Dell Medical School leaders have emphasized the part it will play in turning research into real-world applications and business opportunities, as well as its academic role.

Those efforts are paying off. Three nascent medical technologies have received big funding boosts from the University of Texas medical school as part of the inaugural class in the Texas Health Catalyst program.

  • Stephen Martin, a chemistry professor, received $100,000 for developing a new drug treatment for neurodegenerative disorders such as Alzheimer’s disease and amyotrophic lateral sclerosis (ALS).
  • James Tunnell, an associate professor of biomedical engineering, and Jason Reichenberg, an associate professor of medicine and director of dermatology for the Seton Healthcare Family, received $70,000 for developing a new technology to measure the effectiveness of skin cancer surgery.
  • Richard Crooks, a chemistry professor, received $60,000 for developing a heart monitoring system that securely transmits daily patient updates to cardiologists.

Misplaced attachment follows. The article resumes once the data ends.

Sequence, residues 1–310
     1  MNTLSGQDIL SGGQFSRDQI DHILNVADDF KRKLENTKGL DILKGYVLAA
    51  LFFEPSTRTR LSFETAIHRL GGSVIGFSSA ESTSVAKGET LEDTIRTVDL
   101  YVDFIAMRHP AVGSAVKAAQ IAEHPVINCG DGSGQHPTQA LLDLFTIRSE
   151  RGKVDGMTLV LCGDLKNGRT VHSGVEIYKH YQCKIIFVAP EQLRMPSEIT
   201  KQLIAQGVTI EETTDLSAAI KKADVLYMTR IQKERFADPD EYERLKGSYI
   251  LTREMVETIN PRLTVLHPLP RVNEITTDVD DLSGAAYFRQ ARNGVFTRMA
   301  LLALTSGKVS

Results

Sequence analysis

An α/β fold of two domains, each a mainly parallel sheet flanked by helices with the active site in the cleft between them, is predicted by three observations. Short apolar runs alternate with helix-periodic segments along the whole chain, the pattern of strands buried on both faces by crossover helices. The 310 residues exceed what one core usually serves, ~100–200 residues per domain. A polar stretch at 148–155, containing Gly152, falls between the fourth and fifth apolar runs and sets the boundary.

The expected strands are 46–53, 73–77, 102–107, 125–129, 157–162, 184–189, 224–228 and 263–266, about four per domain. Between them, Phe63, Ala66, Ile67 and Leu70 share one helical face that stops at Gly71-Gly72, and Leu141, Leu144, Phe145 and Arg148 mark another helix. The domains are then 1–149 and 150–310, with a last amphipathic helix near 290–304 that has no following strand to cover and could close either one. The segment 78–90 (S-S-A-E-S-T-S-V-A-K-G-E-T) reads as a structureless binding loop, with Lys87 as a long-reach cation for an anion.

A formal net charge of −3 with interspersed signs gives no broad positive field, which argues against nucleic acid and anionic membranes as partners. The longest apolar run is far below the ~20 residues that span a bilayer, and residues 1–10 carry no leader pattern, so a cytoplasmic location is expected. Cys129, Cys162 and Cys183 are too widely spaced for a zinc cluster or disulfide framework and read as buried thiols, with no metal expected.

The money is meant to help turn laboratory innovation into viable commercial products, said Ruben Rathnasingham, director of the Texas Health Catalyst program and an assistant dean for health product innovation at Dell Medical School.

“Billions go into health care research at universities but so little comes out as products patients can use,” he said Monday in an interview with Austin Business Journal. “The most exciting part is we can very quickly help guide these projects toward something that is clinically and commercially viable.”

In addition to seed funding, the Texas Health Catalyst program provided Tunnell, Reichenberg and Crooks with a few thousand dollars to meet with the U.S. Food and Drug Administration and to meet with the Southwest I-Corps, a program of the National Science Foundation that helps scientists bring life sciences discoveries to the market.

The Texas Health Catalyst connects academic researchers with industry professionals so products can be refined early in the development process. For example, Crooks is advised by Dr. Stephanie Kreml, chief medical officer at Austin-based health care analytics company Accordion Health.

“We can provide that feedback as quickly as possible,” Rathnasingham said.

Rathnasingham said he was impressed by the openness and willingness of local industry to contribute to the process.

“We have CEOs of local companies that spent hours, not only reviewing applications, but providing feedback in a very thoughtful way,” he said.

In all, eight finalists have been named in the inaugural Texas Health Catalyst program.

Will Anderson
Austin Business Journal
December 21, 2015